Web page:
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Widemouth Bay facts for kids

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For the ship, see HMS Widemouth Bay (K615).
WidemouthBay2009
Widemouth Bay in the summer
WidemouthBay2009North
Facing north
WidemouthBay2009South
Facing south
Church of Our Lady and St Anne - geograph.org.uk - 415745
The Church of Our Lady and St Anne (Church of England)

Widemouth Bay (Cornish: Porth an Men) is a bay, beach and small village on the Atlantic coast of Cornwall, England, UK. It is about 3 miles (5 km) south of Bude. This stretch of coast is steeped in the smuggling history of times before, and not far south of Widemouth Bay can be found many little inlets and coves.

Village

The village of Widemouth Bay itself is a much more recent development, consisting mainly of bungalows built during the twentieth century. As well as a number of hotels, there are several cafes on and around the beach as well as a pub and shops on the hill above the bay. Widemouth Bay has a small church, Our Lady and St Anne's, located on the landward side of the village.

Activities

The beach is popular for surfing and swimming and is patrolled in the summer by RNLI lifeguards. Several surfing schools operate on the beach because it has relatively gentle, easy to ride waves but on the other hand there can be big waves.

Geography

Widemouth Bay is visually very similar to Southerndown and Ogmore-by-Sea across the Bristol Channel in Wales; it has the same (gently sloping) hill-top location; wide, sandy beach; pounding Atlantic surf; and significantly the same carboniferous sandstone cliffs. Another significant connection is that sloops from Wales would use Widemouth as a port (in the most basic sense), unloading coal and limestone; sloops would take back to Wales Cornish wares such as granite, slate, tin, copper and even Cornish pasties.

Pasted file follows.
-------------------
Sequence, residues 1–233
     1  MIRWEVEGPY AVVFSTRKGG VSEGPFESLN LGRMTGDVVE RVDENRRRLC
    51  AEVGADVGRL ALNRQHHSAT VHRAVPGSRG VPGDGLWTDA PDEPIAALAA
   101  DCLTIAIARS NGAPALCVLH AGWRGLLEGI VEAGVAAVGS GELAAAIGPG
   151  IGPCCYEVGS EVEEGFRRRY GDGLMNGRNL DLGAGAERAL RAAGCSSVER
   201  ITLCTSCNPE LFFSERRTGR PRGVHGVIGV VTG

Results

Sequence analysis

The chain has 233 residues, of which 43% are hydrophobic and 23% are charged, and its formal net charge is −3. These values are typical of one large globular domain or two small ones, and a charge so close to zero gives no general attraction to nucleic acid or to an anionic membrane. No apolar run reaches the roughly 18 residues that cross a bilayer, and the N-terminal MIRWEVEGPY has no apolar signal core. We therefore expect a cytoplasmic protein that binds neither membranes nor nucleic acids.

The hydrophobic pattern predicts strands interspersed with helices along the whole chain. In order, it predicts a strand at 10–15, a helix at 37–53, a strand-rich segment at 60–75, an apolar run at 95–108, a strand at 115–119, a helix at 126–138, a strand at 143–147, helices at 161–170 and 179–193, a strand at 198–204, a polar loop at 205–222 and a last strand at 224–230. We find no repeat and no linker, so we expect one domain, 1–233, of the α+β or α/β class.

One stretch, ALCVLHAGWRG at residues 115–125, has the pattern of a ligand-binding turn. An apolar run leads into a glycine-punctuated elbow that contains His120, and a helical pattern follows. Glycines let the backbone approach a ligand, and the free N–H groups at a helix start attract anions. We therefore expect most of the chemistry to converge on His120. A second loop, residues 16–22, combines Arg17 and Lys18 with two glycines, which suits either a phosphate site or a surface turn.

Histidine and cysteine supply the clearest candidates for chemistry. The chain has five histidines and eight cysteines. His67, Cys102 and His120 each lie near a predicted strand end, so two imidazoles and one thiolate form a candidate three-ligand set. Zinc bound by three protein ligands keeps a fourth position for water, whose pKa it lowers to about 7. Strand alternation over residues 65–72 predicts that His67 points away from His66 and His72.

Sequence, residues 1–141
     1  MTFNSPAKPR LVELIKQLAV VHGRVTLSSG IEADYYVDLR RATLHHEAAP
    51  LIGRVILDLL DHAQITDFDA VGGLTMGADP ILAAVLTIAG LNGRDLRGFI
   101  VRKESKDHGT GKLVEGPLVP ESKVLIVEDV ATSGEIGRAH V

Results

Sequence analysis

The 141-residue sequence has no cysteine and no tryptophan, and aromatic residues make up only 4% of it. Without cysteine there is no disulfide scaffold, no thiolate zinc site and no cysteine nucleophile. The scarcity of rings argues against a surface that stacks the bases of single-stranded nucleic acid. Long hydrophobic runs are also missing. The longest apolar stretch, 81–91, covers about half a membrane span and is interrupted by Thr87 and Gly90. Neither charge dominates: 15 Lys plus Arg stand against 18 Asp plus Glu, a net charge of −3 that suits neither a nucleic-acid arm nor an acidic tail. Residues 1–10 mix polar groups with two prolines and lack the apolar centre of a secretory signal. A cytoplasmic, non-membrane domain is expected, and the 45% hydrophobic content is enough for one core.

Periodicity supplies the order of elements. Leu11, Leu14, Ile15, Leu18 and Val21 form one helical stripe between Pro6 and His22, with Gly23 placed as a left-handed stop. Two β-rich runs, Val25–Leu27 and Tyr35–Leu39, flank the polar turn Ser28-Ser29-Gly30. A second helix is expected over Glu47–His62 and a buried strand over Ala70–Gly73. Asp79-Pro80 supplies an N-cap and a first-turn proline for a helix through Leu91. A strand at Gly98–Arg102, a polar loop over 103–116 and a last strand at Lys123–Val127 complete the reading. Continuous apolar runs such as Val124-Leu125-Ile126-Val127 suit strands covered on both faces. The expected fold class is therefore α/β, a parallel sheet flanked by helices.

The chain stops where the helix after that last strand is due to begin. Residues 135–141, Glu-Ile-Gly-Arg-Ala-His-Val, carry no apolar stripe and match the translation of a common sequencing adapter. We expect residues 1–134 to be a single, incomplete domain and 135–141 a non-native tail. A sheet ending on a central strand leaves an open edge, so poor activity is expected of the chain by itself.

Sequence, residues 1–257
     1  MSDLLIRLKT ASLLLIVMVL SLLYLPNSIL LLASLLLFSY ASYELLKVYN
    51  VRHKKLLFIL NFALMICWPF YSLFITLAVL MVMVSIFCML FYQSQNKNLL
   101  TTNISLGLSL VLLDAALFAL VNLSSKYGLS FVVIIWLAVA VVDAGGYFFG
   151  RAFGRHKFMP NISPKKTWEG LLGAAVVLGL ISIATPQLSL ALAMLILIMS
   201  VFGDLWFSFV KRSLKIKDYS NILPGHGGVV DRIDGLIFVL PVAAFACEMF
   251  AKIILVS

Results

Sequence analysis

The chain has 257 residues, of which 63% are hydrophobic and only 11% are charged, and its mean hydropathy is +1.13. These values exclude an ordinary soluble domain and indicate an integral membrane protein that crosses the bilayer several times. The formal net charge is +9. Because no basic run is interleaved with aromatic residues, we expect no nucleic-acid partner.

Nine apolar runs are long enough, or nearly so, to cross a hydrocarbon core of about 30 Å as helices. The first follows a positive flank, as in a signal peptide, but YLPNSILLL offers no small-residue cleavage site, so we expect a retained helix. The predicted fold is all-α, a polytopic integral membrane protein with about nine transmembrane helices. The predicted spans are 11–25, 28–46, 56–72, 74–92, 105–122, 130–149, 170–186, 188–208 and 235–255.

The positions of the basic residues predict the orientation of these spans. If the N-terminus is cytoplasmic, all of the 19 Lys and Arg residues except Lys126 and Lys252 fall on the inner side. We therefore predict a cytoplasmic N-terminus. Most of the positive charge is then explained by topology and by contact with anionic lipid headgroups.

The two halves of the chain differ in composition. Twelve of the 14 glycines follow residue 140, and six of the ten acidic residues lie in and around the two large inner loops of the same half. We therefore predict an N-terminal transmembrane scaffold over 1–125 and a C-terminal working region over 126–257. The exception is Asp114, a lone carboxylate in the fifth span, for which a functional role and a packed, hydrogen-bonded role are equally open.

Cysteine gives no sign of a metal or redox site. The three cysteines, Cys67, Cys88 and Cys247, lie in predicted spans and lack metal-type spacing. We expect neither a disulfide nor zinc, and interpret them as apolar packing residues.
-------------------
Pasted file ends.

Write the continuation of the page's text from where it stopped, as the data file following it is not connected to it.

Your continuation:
Telecommunications

Submarine communications cables

The gentle beaches in the bay are also the landing points for many submarine cables that link the UK with other parts of the world. The proximity to GCHQ Bude installation allows data sent on these cables to be intercepted by GCHQ. These cables include:

  • TAT-3 (USA and UK)
  • CANTAT-1 (Canada and UK)
  • Apollo (USA)
  • TAT-8 (USA and France - last used in 2002)
  • TAT-14 (USA and Europe)
  • AC-2 (USA)
  • EIG (Europe India Gateway)
  • GLO-1 (UK and west Africa)
  • Grace Hopper (submarine communications cable) - due to go live 2022.

Repeater station

The repeater station is a cable landing station. Construction was begun in 1962 and finished during 1963. The building was specifically constructed to withstand nuclear attack, having numerous specialised features including an air filtration system, five-ton blast doors, and backup power supply systems allowing it to operate as an autonomous building. The majority of the building is constructed below ground, as is common with many blast-resistant bunkers.

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